Configuring C++ Boost Libraries for Visual Studio


Here is a basic guide to getting C++ Boost libraries to work within Visual Studio.

More information about these handy libraries is available here:




Download the Boost libraries

  1.  Determine the version of Visual Studio that you will be using for your project. For example, Visual Studio C++ 2012 is also known as version 11. You can find this out by clicking HELP > About Visual Studio and looking for the “Version ##” line on the screen.
  2. Determine whether you will be building a 32-bit or 64-bit version of the Boost libraries.
  3. Now that you have determined these two pieces of information, navigate to, click on the folder for the latest version, and download the correct .exe installer for your Visual Studio version and architecture.
  4. Once the download is finished, run the installer as normal and note the installation directory.

Build the libraries for your machine

  1. Open the Developer Command Prompt for VS20xx under Start > Microsoft Visual Studio 20xx > Visual Studio Tools


    The location of the Developer Command Prompt for VS2012.

  2. Once the Developer Command Prompt is open, type in cd <your Boost install directory>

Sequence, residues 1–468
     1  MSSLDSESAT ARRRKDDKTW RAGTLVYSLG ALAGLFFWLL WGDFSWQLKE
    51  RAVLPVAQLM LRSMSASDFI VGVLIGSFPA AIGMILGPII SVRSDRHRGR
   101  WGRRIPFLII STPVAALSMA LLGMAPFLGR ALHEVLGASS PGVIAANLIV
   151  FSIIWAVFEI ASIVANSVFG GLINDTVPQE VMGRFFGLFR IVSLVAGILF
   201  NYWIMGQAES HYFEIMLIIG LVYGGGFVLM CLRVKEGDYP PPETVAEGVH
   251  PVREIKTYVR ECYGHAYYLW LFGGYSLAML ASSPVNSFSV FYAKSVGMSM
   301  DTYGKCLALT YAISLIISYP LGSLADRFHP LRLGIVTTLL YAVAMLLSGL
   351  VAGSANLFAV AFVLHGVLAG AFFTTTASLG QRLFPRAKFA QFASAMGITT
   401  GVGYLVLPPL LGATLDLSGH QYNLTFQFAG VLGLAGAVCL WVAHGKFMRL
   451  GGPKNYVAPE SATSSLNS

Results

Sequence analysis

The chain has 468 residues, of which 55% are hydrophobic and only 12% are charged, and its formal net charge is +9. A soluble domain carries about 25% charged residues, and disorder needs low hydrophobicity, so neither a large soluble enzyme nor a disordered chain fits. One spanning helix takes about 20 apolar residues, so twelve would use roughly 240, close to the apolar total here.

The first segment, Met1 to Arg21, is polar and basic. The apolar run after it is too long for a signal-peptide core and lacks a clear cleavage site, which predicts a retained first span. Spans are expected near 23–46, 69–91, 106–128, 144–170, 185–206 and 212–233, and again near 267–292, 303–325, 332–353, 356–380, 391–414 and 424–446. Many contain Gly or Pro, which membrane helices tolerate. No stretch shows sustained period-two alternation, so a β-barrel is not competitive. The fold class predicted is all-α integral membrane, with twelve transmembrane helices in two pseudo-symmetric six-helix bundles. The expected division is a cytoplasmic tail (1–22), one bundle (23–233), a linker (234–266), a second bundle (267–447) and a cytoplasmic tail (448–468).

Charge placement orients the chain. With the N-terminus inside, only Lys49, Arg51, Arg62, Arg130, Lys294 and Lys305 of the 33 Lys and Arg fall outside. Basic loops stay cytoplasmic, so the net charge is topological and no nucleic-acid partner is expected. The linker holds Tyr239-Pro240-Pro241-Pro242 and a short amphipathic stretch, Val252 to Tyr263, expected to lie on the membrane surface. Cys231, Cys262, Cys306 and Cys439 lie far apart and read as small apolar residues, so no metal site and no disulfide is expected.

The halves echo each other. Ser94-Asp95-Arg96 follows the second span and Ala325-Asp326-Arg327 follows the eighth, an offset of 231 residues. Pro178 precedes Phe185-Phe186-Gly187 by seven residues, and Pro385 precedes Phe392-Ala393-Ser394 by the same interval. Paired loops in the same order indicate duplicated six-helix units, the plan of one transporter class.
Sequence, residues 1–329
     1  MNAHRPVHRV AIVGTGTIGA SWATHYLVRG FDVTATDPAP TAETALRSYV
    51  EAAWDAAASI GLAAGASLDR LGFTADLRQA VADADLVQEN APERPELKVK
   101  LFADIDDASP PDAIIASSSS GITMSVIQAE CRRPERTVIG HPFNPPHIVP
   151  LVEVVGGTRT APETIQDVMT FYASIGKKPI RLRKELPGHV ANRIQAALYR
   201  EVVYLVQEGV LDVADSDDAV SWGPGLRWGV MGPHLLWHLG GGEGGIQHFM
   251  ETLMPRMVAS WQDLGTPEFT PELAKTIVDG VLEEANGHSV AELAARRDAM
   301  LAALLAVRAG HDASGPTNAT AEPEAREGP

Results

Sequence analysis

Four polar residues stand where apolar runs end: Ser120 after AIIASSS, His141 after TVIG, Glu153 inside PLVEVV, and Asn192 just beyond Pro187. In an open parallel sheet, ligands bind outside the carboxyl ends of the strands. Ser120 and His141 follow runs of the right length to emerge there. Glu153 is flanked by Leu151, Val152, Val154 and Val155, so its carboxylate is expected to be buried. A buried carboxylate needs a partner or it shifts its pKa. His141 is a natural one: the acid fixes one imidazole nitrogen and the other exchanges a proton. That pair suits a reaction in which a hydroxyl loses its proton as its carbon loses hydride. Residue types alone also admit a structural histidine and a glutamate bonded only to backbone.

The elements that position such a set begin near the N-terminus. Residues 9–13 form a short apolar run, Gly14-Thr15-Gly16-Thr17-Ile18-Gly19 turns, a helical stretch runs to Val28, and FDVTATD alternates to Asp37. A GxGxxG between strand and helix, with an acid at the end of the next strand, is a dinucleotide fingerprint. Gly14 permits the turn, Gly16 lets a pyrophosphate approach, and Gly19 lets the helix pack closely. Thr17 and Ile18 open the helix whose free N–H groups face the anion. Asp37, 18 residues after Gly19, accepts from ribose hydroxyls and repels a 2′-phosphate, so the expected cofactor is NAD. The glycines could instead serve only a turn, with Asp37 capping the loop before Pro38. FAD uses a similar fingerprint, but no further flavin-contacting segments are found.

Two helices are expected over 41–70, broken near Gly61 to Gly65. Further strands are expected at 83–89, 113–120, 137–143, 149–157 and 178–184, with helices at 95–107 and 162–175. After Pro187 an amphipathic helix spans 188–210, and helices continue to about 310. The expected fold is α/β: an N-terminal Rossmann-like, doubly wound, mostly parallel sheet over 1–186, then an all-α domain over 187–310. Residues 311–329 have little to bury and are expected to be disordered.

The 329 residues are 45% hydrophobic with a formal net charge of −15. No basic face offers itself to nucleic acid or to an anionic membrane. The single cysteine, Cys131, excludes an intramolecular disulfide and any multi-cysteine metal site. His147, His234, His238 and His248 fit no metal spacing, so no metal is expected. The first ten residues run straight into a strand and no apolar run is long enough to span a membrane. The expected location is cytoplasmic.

3. Next, type these commands to build the Boost libraries for your machine: bootstrap and then b2. This last command will run for about ten minutes, so take a break!
  4. Once b2 has finished, you should see it print two lines noting “compiler include paths” and “linker library paths”. Write these paths down or take a screenshot.

The Boost build has finished, and Boost tells us where to find the new libraries.

Link the libraries through Visual Studio

  1. Open your C++ project in Visual Studio 20xx. Right click its name in the Solution Explorer and go to Properties.
  2. Click on Configuration Properties, then C/C++, and then All Options.
  3. Modify Additional Include Directories: append the “compiler include paths” string to the end of it.
  4. Click on Configuration Properties, then Linker, and then All Options.
  5. Modify Additional Library Directories: append the “linker library paths” string to the end of it.
  6. Click OK to save your changes. Ensure that you are including the specific Boost libraries like this at the top of your source files: #include <boost/foreach.hpp>
  7. Try to Rebuild your project. Hopefully, all of your library issues will now be resolved! Happy coding!


Other Resources

Parts of this write-up were figured out through Boost’s Visual Studio page.


2 thoughts on “Configuring C++ Boost Libraries for Visual Studio

  1. Pingback: Configuring Apache Thrift for Visual Studio 2012 | Elektron Nine

  2. Pingback: Apache Thrift и C++ для Visual Studio 2013 (2015) на Windows — Разработка программ

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